- 0Jan 25 by canoeheadEveryone involved seems to be wound a bit tight. If the doc left you can get a verbal order. The doc was coming back to write the order, but you can't read her mind. If the secretary can't use a phone book, that doesn't reflect on you. Your preceptor doesn't seem very tolerant of normal issues, like taking a bit more time as a new person. As a new employee you can plan on getting out 30min late by times because of finishing up or someone wanting to have a word with you. Can you extend your babysitter's hours?
- 2Jan 25 by dudette10Not speaking to the OP's specific situation, but in general...
People freak out in nursing because of dysfunctional coping mechanisms in a high stress job. Some people never learn it. There is a nurse I work with who is highly experienced and knowledgeable, and I would trust my life with her, but she gets stressed out very easily. One day, she had a very heavy patient that needed incontinence care with no CNA to be found. I offered to help. This was the first time I was ever able to observe her directly and for an extended period of time. She was stressed and flustered, which led to inefficient clustering of care. The basic care took us twice as long as it might have otherwise due to inefficiency.
It took me awhile to become efficient in my own practice and to prevent that uncomfortable flow of adrenaline when something happens that messes up my plans. But now that I have learned it, I'm a better nurse for it!
As for the unit secretary, some of them need all the i's dotted and t's crossed before you hand them a piece of paper. It is frustrating. I had a patient going to a different facility from where they came, so the face sheet was incorrect. I pointed out that when asking the US to call for an ambulance and gave the name of the facility, which is one that a lot of our patients come from. She required me to get the address, and I said that she could google it. She threw a fit, so I went to HER computer, googled it, and pointed to the address. Even now, I'm shaking my head that I had to do that.
All this is to say that you'll always run into things like this--as you probably already know--but don't take it personally because it ISN'T personal. It's the expression of ineffective coping mechanisms and lack of adaptability.
- 1Jan 25 by Gabby-RNIt honestly does not sound like this facility has a good preceptor program or the preceptor isn't very good. On your second day the preceptor should be working with you, not having their own assignment that is so busy they do not have time to help you. You don't know know how the facility works, how would you have known that the doctor needed their hand held. How would you have know the secretary needs the address and phone number (she may have been taking advantage of your newness here). Your preceptor never should have left for the day with you still there. Your work is her work. You might also want to discuss with her more timely charting reviews or a different method of reviewing your work, the way she is doing it by having you go back and fix everything at the end of the shift seems ineffective-especially if she isn't going to stay to ensure you fixed it correctly. Nobody likes someone watching over their every move but at least for the first week it seems like it would be beneficial for the two of you to be doing everything together. If things don't improve soon, you may want to consider asking for a different preceptor. The facility wants you to succeed and catch on quickly and should be very willing to set you up with someone that will help you do that. Good luck.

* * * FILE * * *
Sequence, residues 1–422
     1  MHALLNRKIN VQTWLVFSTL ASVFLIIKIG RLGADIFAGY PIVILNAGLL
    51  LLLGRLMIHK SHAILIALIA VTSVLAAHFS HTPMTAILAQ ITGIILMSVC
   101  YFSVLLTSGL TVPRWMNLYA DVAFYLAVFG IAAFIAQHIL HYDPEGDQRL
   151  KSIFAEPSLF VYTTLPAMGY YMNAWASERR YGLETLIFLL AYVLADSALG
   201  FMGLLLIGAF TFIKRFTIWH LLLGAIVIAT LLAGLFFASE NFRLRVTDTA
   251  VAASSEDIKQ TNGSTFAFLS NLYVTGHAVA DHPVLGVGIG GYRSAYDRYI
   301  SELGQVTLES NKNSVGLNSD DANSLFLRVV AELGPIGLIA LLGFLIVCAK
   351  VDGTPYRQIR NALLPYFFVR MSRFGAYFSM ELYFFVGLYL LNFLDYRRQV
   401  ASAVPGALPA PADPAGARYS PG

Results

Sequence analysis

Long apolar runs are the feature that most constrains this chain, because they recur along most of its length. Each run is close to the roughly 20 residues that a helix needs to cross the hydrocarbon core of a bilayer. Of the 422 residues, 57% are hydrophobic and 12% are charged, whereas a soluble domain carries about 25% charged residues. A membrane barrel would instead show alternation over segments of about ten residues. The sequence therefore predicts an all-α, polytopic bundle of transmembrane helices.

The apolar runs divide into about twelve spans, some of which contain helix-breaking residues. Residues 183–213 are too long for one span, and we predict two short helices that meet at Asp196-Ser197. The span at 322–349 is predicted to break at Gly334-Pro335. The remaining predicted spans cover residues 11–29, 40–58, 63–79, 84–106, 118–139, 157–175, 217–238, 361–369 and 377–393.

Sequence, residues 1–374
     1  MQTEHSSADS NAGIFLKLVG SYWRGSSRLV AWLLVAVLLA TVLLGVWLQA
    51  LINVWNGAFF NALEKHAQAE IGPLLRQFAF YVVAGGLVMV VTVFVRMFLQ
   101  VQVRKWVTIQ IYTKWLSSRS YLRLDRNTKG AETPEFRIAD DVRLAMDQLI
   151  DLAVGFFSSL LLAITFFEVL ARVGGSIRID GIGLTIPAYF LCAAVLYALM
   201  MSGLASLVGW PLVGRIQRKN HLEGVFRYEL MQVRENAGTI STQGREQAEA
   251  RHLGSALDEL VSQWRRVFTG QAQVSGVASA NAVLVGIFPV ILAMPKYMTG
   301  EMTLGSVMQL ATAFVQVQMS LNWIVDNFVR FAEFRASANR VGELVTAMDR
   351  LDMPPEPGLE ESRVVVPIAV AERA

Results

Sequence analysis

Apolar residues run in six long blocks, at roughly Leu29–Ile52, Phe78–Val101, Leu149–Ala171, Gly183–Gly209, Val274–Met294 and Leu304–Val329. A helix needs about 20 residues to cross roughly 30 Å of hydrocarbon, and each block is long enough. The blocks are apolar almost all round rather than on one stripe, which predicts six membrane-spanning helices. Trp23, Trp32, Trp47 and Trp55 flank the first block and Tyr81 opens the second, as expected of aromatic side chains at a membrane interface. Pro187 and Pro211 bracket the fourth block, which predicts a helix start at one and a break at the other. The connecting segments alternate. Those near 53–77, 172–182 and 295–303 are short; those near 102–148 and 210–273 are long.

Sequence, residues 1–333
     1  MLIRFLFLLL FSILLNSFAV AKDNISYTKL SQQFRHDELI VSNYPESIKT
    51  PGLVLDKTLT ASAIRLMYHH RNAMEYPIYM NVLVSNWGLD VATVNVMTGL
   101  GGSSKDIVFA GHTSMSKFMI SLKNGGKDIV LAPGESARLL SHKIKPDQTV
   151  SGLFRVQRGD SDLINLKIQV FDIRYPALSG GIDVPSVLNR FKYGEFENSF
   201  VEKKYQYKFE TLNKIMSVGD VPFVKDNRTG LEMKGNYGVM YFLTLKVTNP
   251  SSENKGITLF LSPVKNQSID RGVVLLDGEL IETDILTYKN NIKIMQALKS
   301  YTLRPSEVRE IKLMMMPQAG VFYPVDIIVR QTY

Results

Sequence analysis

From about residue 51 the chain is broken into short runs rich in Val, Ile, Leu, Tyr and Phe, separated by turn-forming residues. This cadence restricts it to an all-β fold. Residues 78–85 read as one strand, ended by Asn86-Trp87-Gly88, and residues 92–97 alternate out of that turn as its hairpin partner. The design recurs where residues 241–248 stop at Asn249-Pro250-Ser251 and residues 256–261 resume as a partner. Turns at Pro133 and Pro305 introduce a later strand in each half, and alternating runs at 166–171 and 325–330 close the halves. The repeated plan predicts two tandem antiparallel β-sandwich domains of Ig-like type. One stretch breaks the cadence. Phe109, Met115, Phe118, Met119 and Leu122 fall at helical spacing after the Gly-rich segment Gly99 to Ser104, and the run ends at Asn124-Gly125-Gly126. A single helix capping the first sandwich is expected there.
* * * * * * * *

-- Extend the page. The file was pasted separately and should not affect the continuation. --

- 0Jan 26 by sandyfeetI think the preceptor was upset because a delay would reflect badly on her as your preceptor. Even though it is weird that she left while you were still working, remember that the mistakes you make in preceptorship are generally the "forgivable" ones and are your hints as to what is important in your new job. It sounds like staff have well-defined roles they don't work outside of at your new job. Hope your next shift is a better one!
- 0Feb 2 by CWONgalOne thing that wasn't mentioned is the "passing the buck mentality". A lot of nurses get frustrated and rightfully so when things are forgotten and someone else ends up becoming responsible. Don't get in the habit of always thinking there is time...it's not uncommon to find out your patient is getting discharged or transferred earlier than planned.
- 2Feb 2 by ArtClassRN, RNQuote from RNikkiFBecause that is what these individuals do. I don't know why, but they probably freak out over everything in their lives. I have one coworker who always rushes in a few minutes late, then spends the rest of the shift perseverating on "How far behind" she is. Cripes.I have an honest question that I'm afraid may get some raised eyebrows, however, I'm going to ask anyway.
Why is it that SOME (not all) nurses seem to freak out over anything that may not go quite as planned. ?
It used to bother me, but I learned to not give any emotional fuel to their fire.
If they continue to badger me with freakoutishness, on rare occasions I will say, "Look, EVERY DAY cannot be a tragedy. Let's just deal with this." As toxic as these personalities can be, I force myself to provide the same amount of assistance and teamwork in helping them take care of their patients that I would provide to my best friend. Truth be told, I often have to provide more. But I do it.